*Lyrics reluctantly from a Taylor Swift song, Never Grow Up. Reason one: the younger of the two Project W kids, and the one who was most interested in the whole design process, LOVES her, or at least did the last I heard. Reason two: the song I really wanted to use was, well, a bit of a downer, and not at all representative of the beautiful and loving family that I was honored to work with. But, in my defense, the lyrics I was going to pick out from the rejected song (Jeff thought I should leave it out of the post entirely) were the (sweetly, sad, yet) positive bits: “Kid, have your say, ’cause I still love you, even if I don’t see you again.” So, instead I give you vapid tweenie-bop music. You may choose to listen as your mood dictates, but know that the second, deeper one by Neko Case is brutally beautiful, and will probably make you cry. (The first one might make your ears bleed. You have been warned.)
Now it’s time for another installment of Project W: The AFTER tour! When we last left off, we were sneaking around the master bedroom and bath, basking in the improved flow and potential for timeless style. Let’s move into the kids’ wing of the upper floor, shall we?
Just off the area where the spiral staircase used to be (we nixed it in an effort to gain more usable space in the kitchen), is the kids’ wing. It’s private, away from the parents’ master suite, and has its own family bathroom (still to be renovated). While the hallway boasts the same color as all of the transitional spaces in the home – foyer, mudroom, hallways, stairwell all in Toque White (early on my builder asked me to choose only Sherwin Williams colors) – the kids’ rooms depart from the main thrust of the home to reveal individual and personality-based spaces perfect for the rejuvenation of young minds.
When it came time to fold the kids’ bedrooms into the design scheme, I decided to let their tastes guide me. The elder son was 15 going on 16, and had some pretty strong ideas about what he liked, and who he was. The younger daughter was 11 going on 12, and was completely interested in design (she not only showed up for every design meeting, she paid close attention and offered her own ideas and opinions). Who am I to tell young people what they should or shouldn’t like? I took their major wants and needs, and tried to nudge them a little toward a long-lasting scheme that would adapt with the big changes that they will both face in the coming years.
With his room, I focused on easy masculinity, with a touch of modern edge. He’s a gamer, and a studier, and a quiet dude. Surprisingly, he had a lot to say about my first plan (surprising only to me – I was just getting to know the family when I offered these boards), so I made some adjustments to suit his tastes. Still waters run deep, you know? I ended up offering a slightly more grown-up version of what he liked – chocolate browns and blues – with room to expand a bit. I knew his parents couldn’t afford to simply purchase all new things for him, but that a mood board might guide their purchases in the future.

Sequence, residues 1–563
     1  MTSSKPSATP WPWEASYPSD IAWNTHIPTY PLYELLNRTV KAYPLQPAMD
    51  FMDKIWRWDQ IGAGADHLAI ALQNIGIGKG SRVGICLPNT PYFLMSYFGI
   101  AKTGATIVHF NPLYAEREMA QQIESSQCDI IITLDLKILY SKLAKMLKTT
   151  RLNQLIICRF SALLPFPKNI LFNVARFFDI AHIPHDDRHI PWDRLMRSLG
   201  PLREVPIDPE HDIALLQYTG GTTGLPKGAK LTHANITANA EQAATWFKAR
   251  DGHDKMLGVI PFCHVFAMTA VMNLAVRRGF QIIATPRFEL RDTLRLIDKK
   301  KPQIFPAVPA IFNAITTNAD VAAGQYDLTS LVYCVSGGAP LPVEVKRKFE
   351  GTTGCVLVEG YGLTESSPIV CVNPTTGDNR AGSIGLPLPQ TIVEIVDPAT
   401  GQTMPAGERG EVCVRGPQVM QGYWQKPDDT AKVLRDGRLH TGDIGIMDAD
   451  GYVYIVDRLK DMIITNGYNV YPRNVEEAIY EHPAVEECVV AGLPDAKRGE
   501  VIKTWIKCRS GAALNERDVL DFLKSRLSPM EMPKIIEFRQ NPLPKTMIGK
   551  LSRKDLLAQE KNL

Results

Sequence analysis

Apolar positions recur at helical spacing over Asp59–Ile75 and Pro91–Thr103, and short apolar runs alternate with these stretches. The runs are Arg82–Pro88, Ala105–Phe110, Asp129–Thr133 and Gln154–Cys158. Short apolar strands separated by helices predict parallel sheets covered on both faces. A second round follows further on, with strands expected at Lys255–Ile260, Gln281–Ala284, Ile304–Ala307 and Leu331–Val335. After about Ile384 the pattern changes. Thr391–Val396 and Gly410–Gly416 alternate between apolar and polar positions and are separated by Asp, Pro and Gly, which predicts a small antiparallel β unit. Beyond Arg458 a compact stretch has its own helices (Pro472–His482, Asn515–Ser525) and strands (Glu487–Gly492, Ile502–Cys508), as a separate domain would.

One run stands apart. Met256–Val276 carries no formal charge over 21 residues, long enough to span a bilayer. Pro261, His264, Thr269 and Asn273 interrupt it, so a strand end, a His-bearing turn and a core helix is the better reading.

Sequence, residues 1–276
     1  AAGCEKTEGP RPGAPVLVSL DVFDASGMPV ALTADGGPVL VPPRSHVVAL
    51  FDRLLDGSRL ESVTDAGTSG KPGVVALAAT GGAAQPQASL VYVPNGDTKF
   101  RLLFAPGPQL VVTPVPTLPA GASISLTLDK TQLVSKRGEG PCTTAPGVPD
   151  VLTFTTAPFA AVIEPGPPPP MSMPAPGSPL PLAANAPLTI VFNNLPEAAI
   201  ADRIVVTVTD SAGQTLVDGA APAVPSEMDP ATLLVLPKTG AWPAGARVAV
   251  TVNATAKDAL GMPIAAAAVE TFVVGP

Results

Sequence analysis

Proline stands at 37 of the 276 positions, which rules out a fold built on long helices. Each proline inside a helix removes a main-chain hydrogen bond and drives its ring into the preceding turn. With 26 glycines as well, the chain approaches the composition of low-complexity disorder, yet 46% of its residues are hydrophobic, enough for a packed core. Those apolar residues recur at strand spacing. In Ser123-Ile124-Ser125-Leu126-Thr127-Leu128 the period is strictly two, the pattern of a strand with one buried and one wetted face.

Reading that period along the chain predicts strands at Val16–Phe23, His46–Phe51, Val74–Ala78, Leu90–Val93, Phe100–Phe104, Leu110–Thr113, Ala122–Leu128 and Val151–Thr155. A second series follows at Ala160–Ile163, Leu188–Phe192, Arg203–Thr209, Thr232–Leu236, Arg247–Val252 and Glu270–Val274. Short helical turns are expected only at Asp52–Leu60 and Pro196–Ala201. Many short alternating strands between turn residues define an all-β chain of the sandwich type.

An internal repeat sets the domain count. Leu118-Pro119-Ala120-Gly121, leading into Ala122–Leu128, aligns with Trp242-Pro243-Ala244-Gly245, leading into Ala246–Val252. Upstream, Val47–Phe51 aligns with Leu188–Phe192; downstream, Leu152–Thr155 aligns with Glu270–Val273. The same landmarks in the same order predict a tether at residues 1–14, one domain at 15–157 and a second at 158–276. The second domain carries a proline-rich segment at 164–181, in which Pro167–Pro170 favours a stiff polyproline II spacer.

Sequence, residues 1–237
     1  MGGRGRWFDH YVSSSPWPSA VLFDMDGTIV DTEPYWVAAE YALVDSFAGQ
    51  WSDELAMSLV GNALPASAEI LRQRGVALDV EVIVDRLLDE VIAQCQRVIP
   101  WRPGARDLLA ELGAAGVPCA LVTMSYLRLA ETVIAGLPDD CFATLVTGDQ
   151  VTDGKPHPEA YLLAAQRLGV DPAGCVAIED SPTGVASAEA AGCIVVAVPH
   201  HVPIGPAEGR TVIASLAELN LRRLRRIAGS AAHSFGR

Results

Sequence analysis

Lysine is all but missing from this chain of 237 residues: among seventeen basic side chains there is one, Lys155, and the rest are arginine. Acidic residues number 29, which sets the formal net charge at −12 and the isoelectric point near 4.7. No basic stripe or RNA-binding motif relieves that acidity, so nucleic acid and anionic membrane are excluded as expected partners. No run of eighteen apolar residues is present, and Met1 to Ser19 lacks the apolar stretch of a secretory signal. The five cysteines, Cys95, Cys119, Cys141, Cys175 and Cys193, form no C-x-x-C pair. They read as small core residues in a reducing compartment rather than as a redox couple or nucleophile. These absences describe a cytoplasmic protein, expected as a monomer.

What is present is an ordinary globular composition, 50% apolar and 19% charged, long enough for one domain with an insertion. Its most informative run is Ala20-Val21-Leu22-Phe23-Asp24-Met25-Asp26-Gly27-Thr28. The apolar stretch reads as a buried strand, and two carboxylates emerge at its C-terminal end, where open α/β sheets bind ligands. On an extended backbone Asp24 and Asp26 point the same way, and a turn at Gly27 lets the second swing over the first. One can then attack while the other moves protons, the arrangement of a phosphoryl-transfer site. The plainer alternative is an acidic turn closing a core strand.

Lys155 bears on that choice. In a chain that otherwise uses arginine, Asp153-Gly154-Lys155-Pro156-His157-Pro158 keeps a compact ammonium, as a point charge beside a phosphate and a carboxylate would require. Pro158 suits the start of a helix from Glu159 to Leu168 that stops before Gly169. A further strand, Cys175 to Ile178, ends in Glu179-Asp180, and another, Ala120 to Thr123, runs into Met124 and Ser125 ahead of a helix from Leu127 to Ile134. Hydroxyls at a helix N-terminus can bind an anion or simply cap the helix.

For the time being (and until some of the budget coffers are replenished), he is mostly using the furnishings he already had. The wall paint – in Perfect Greige and Moody Blue up to the 30″ mark – helped make the room feel taller, which is helpful for this already nearly 6′ tall young man (his dad is quite tall, so I expect him to keep on growing). We chose a simple ceiling fixture (for both rooms), and focused on a furniture layout that would provide him with the most amount of privacy possible.
With her room, I focused on her favorite color: purple. Initially she wanted the entire room in a deep, dark hue, but I suggested an accent wall in Vigorous Violet – supported by a pale lilac tone (Euphoric Lilac) – that could be easily adjusted as her tastes (inevitably) change. (She even had a Houzz account that she used to share inspiration images to show me what she wanted – girl was on top of things!)
We installed some oversized flower decals in silver to lend a girly, but modern edge to the space, and because it wasn’t paint (and it wasn’t permanent), she was able to do it with me (and she can just peel it off when/if she tires of it, which her parents really liked). I loved sharing that experience with her, especially since she seemed so genuinely interested in design.
With her mood board, because she was so vocal early on, I was able to make suggestions that would take her room from little girl to young woman, without rushing things along. Nobody wants their baby to grow up too soon, but they also don’t want to be buying new curtains 6 months after they move in, either. We walked that fine line together.
There’s still room for adjusting, and I’m sure the kids will continue to make those spaces their own as time goes on. Since the rooms are tucked away, and not visible to any of the public spaces, I felt the colors need not be as connected to the rest of the home’s color palette. Besides, with kids’ spaces, the rules are really meant to be broken. I really wanted to help support and celebrate the kids’ individuality, as well as give them a sense of ownership in their new home. It’s tough to move, especially when you’re in the depths of teenage-hood, so I wanted to help make the transition as painless as possible.
Lucky for me, this family is incredible, and have taken to these design schemes like ducks to water. I can’t wait to see how these rooms evolve over time.